Kyrieleis plaques appear hyperautofluorescent, potentially due to selective inflammation of the vascular endothelium[4].

Optical Coherence Tomography (OCT)

SD-OCT scans show hyperreflectivity of the artery wall at the sites of Kyrieleis plaques[4].

Differential diagnosis

The glistening, yellowish-white, calcific-like appearance typical of Kyrieleis plaques can be ophthalmoscopically difficult to differentiate from fluffy perivascular sheathing or cuffing, characteristic of other forms of retinal vasculitis, especially in cases of severe intraocular inflammation where both finds can coexist[3, 6, 7]. In this scenario, it might be helpful to bear in mind that Kyrieleis plaques affect exclusively the retinal arteries[4, 5]. Besides, they are limited to the endothelium and do not extend outside the vessel wall, and thus, do not leak in FA, in contrast to areas of vascular sheathing[4, 6]. Kyrieleis plaques can also be misdiagnosed as retinal emboli or atheromatous plaques[9]. Again, FA findings can help in this differential diagnosis as it presents with normal arterial filling, with no evidence of lumen obstruction or retinal non-perfusion[4, 5, 7, 9].


The management of Kyrieleis arteritis depends on the underlying etiology. The control of intraocular inflammation is the primary goal.


Although associated with severe ocular inflammation, Kyrieleis plaques are a benign finding, that does not worsen the prognosis of the underlying uveitis[4, 14]. Generally, with adequate treatment, there is a complete disappearance of the plaques (usually after the resolution of vitritis) without sequelae5. However, the plaques can persist long after the resolution of chorioretinitis and discontinuation of therapy[15].

Eponymous Dishonor: Without Forgetting History

In a recently published editorial [16], Werner Kyrieleis is denounced as a staunch defensor of Nazi ideology with public anti-Semitic beliefs. Therefore, considering the inacceptable nature of Kyrieleis’ political involvement, the author defends that such eponym should be disqualified (as happened with Reiter’s and Wegener’s) and replaced by the terms: “Segmental retinal arteritis”.


1. Kyrieleis W. [Discontinuous reversible arteriopathy in uveitis]. Albrecht Von Graefes Arch Ophthalmol. 1950;150(5-6):600-13.

2. Francés-Muñoz E, Gallego-Pinazo R, López-Lizcano R, García-Delpech S, Mullor JL, Díaz-Llopis M. Kyrieleis' vasculitis in acute retinal necrosis. Clin Ophthalmol. 2010;4:837-8.

3. Goel N, Sawhney A. Kyrieleis plaques associated with Herpes Simplex Virus type 1 acute retinal necrosis. Saudi J Ophthalmol. 2016;30(2):144-7.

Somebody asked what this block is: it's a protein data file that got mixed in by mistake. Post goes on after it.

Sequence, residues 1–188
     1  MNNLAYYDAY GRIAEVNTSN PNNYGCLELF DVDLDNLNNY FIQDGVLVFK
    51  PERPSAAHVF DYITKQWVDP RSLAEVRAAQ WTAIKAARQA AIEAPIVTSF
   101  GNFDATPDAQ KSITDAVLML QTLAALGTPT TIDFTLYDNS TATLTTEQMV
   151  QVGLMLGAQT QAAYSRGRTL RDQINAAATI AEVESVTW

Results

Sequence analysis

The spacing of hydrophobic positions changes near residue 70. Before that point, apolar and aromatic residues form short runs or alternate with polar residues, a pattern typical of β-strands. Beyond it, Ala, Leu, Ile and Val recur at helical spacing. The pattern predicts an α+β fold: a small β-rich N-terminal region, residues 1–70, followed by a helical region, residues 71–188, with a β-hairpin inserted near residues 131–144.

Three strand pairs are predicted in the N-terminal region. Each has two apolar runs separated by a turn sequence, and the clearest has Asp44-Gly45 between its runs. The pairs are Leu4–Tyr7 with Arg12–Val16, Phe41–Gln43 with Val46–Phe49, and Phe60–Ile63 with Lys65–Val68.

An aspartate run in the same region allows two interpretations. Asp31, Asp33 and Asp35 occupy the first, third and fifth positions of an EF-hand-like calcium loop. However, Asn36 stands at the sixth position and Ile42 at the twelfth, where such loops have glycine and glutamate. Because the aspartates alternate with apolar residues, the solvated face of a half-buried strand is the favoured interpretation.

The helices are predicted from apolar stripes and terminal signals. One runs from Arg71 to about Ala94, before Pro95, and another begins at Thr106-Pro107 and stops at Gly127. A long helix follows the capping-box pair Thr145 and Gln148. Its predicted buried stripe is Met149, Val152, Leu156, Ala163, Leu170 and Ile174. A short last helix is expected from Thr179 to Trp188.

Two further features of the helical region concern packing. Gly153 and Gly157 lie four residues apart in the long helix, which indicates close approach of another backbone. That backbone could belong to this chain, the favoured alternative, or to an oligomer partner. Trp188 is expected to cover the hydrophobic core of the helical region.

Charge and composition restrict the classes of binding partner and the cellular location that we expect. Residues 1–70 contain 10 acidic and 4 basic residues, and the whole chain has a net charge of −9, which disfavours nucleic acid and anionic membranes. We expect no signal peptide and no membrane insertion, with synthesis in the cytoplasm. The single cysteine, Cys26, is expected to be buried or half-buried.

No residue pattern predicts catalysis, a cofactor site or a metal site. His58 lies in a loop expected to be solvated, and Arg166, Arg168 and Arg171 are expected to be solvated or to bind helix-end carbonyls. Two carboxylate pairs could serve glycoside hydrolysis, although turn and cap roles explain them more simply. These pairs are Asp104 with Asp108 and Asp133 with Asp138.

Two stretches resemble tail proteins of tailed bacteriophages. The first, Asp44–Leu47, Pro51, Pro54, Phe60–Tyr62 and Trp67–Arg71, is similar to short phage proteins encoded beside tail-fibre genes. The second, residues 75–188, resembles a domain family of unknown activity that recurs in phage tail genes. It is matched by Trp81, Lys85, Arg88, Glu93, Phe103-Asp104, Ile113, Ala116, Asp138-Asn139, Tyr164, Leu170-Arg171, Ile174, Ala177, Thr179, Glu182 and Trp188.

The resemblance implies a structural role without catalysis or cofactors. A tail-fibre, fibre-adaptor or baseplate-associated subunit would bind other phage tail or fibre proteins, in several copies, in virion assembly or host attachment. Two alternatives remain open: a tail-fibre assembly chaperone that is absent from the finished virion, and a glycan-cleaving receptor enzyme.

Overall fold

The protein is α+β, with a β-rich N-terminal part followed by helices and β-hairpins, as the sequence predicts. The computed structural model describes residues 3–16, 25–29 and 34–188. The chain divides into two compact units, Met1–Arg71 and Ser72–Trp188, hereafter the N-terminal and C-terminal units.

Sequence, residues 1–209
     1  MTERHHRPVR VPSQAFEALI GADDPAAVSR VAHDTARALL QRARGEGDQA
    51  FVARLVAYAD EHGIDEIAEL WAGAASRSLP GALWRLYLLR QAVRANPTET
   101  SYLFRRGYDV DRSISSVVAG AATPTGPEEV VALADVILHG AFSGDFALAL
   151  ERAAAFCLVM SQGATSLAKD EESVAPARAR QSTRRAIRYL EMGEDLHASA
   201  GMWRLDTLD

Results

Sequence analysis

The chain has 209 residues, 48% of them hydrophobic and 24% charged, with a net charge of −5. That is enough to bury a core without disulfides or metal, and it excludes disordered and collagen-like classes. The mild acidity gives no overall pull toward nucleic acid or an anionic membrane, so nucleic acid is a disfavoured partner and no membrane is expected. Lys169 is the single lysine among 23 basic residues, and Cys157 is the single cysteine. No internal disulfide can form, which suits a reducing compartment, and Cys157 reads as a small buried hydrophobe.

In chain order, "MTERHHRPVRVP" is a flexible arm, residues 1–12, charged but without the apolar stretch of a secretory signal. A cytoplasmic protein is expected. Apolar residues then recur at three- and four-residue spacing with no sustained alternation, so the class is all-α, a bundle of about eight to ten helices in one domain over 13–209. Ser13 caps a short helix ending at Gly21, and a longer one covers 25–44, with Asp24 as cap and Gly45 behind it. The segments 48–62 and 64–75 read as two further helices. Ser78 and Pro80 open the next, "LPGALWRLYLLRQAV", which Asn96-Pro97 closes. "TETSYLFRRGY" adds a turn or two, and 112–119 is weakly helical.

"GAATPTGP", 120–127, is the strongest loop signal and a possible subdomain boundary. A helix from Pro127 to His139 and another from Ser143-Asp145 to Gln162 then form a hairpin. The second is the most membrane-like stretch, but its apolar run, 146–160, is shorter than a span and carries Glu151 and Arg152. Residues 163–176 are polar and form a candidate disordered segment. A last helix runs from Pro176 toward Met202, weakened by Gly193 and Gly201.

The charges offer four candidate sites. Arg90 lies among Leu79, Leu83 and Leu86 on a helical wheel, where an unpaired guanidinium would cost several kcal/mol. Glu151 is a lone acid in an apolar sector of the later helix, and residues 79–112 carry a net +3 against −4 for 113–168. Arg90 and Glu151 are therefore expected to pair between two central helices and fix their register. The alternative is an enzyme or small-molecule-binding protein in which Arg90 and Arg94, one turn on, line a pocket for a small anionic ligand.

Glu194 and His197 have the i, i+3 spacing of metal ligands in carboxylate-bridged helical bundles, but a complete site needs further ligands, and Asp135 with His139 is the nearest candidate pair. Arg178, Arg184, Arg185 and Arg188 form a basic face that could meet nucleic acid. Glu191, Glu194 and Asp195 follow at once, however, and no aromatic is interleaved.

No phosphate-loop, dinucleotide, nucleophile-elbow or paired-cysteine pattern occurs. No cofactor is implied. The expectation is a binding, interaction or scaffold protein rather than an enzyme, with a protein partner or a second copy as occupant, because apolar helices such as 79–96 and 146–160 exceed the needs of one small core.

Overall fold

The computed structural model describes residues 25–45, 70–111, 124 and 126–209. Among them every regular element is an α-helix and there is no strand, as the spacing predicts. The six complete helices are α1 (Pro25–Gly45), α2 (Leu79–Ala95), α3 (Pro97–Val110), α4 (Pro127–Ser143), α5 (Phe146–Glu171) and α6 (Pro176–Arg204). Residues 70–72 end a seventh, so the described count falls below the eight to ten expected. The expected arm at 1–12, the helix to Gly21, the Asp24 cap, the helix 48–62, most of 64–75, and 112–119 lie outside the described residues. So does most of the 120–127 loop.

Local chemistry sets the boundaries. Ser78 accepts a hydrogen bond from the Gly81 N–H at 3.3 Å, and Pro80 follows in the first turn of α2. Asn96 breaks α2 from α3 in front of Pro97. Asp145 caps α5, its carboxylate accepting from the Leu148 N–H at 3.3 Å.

4. Pichi F, Veronese C, Lembo A, Invernizzi A, Mantovani A, Herbort CP, et al. New appraisals of Kyrieleis plaques: a multimodal imaging study. Br J Ophthalmol. 2017;101(3):316-21.

5. Chazalon E, Conrath J, Ridings B, Matonti F. [Kyrieleis arteritis: report of two cases and literature review]. J Fr Ophtalmol. 2013;36(3):191-6.

6. Patel A, Pomykala M, Mukkamala K, Gentile RC. Kyrieleis plaques in cytomegalovirus retinitis. J Ophthalmic Inflamm Infect. 2011;1(4):189-91.

7. Empeslidis T, Konidaris V, Brent A, Vardarinos A, Deane J. Kyrieleis plaques in herpes zoster virus-associated acute retinal necrosis: a case report. Eye (Lond). 2013;27(9):1110-2.

8. Krishnamurthy R, Cunningham ET, Jr. Atypical presentation of syphilitic uveitis associated with Kyrieleis plaques. Br J Ophthalmol. 2008;92(8):1152-3.

9. Witmer MT, Levy-Clarke GA, Fouraker BD, Madow B. Kyrieleis plaques associated with acute retinal necrosis from herpes simplex virus type 2. Retin Cases Brief Rep. 2011;5(4):297-301.

10. Khairallah M, Ladjimi A, Chakroun M, Messaoud R, Yahia SB, Zaouali S, et al. Posterior segment manifestations of Rickettsia conorii infection. Ophthalmology. 2004;111(3):529-34.

11. Griffin AO, Bodian M. Segmental retinal periarteritis; a report of three cases. Am J Ophthalmol. 1959;47(4):544-8.

12. Orzalesi N, Ricciardi L. Segmental retinal periarteritis. Am J Ophthalmol. 1971;72(1):55-9.

13. Wise GN. Ocular periarteritis nodosa; report of two cases. AMA Arch Ophthalmol. 1952;48(1):1-11.

14. Meier PG, Herbort CP, Jr., Wolfensberger TJ. Spectral Domain Optical Coherence Tomography for the Characterization of Kyrieleis Exudates Involving Both the Fovea and Retinal Vessels. Klin Monbl Augenheilkd. 2016;233(4):545-6.

15. Kaza H, Patel A, Pathengay A. Persistence of Kyrieleis arteriolitis in bilateral acute retinal necrosis. Indian J Ophthalmol. 2020;68(9):1974.

16. Gologorsky D. Eponymous Dishonor: Kyrieleis Plaques. Retina. 2018;38(7):1261-2.